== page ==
Minorities Rights and African States
The major indices in independence talks in the 1940s were central around the rights of minorities and the need to secure such rights in the independent States in Africa. Interesting enough, most of the smaller nations in Africa were involved in fratricidal wars for empire creations in the periods before colonialism. Facts even emerged that colonialisation of African tribes was made easier due to lack of cooperation between warring nations. In Nigeria, the Oyo Empire was still battling the encroachment by Sokoto Caliphate through Ilorin and the Egba insurrection was in its zenith. Divided by its greed to capture and sale more slaves from rival clans, West African nations fell to British and French adventurers with ease.
The Berlin conference after the world war determines the fate of the African nations without any African delegation. Africa was carved based on the greed of colonial masters and states were created without due regards for African nations. Some writers linked this with the balkanization of the Middle East, and India which was done by the same principals. The only facts from these delineation has been persistent conflicts in failing states.
As States created had no popular legitimacy, large armies were needed to maintain the power of leaders. Hence, countries created were gifted standing armies without any real enemies in sight. Lack of real occupation for officers trained for conflict led to plethora of coups in African states within 5 years of independence. Ethnic loyalty became a force in States without basis for unity. The armed forces that were supposed to be the symbols of unity ultimately fell to ethnocentric political agitations. Central governments gradually became a prize for the stronger tribes at the expense of the smaller tribes.
African politics which were ethnically skewed at independence gradually become a means for propagating ethnic agendas. Many pogroms were recorded and as it is in the Middle East and India, Africa gradually became a land of conflicts. From Egypt to South Africa, Nigeria to Mozambique, Congo to Kenya, Algeria to Malawi, ethnic wars disguised as political uprising rained. As conflicts escalated, crime and other illicit economies flowered. Africa suddenly became the be frontier in international crime as poverty and lack of avenue for human development led to high incidence of: human trafficking, drug trafficking, prostitution, kidnapping, armed robbery, and terrorism. The once quiet and safe countries f Africa has grown to become the land of the deadliest terror groups in the world within just a decade.
While the puppet governments in the last decade were propped up with grants and loans for development and the market for local commodities were secured, the fall of communism at the end of the last millennium herald the removal of development aids from Western nations into Africa. Left alone to run an already blotted economy, African leaders for the first time had to prepare viable economic policies based on earned income and this became a great challenge for countries wish had expanded all areas of its expenditures based on foreign aids.
Corruption at the center of governance and a lower resource led to the resurgence of ethnic agitations. The strive to control state resources created another rounds of minorities bashing. Left with no choice, ethnic leaders gradually replaced national leaders in reference and the move to deflate already failing states sovereignty began in earnest.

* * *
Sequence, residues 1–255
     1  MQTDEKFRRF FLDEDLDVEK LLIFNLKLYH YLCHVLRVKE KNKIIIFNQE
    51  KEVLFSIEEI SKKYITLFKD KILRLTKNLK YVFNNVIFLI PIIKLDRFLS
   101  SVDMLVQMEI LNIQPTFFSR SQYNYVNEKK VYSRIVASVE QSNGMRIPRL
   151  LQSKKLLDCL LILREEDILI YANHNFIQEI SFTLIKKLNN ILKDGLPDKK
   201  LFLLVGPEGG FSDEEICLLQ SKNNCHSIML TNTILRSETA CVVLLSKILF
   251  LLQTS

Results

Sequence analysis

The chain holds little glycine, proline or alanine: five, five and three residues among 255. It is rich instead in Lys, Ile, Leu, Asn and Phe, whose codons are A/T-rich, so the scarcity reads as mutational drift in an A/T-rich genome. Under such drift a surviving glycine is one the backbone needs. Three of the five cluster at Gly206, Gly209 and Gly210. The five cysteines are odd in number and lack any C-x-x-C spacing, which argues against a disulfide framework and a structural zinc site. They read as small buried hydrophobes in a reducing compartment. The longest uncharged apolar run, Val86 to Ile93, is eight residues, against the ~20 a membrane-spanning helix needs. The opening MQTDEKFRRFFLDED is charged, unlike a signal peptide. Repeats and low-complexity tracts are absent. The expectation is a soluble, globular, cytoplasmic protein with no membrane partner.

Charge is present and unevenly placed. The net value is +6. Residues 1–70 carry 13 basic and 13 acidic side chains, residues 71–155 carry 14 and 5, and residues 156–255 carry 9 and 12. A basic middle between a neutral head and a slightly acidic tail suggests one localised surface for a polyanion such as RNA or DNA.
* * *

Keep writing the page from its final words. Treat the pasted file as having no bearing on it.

Government without any proper instruments to manage conflicts resorted to elite securitization model and unleashed the power of the armies on the minority agitators. Increasing violent agitations as more and more ethnic nation joined the fray. From Nigeria, the agitations of the people of Biafra, Niger Delta and other minorities has been going on unresolved for over 30 years while the southern Cameroonian has faced the same persecution from the state as long as anyone could remember.
One very significant fact in these agitations has been the silence of the African Union and the United Nations to the killings and maiming going on in Southern Nigeria and Southern Cameroon for these years. Just like Yemen impasse has been totally ignored while the Yemeni government aided by Saudi Arabia, continues to kill its citizens without any formal sanctions from the Arab Leagues and the UN, West African leaders has been protected from the Right to Protect and other Humanitarian Resolutions that ensures the protection of minorities by these agencies.
Will the world continue to watch as these killings continues in these countries? This was how the whole world concentrated on the Bosnia issues while a pogrom continued in Rwanda. The proliferation of small arms in Africa is a factor to consider. Boko Haram has become a major Terror group in just 12 years with destruction to lives and properties in region of billion dollars, while we all watch.
African states sovereignty is at test in these countries, the right of states to maintain its territorial integrity should not be exclusive and at the expense of the rights of its nationals. We cannot fold our arms while thousands of youths are killed daily for standing up for their rights in Africa. Security issues are global today and should be treated as such by global leaders. The right of minorities should be, protected by us all and we should be seen to be part of the move to create a more viable state for our children in Africa and the world through proper policies and security management.
By Don Michael Adeniji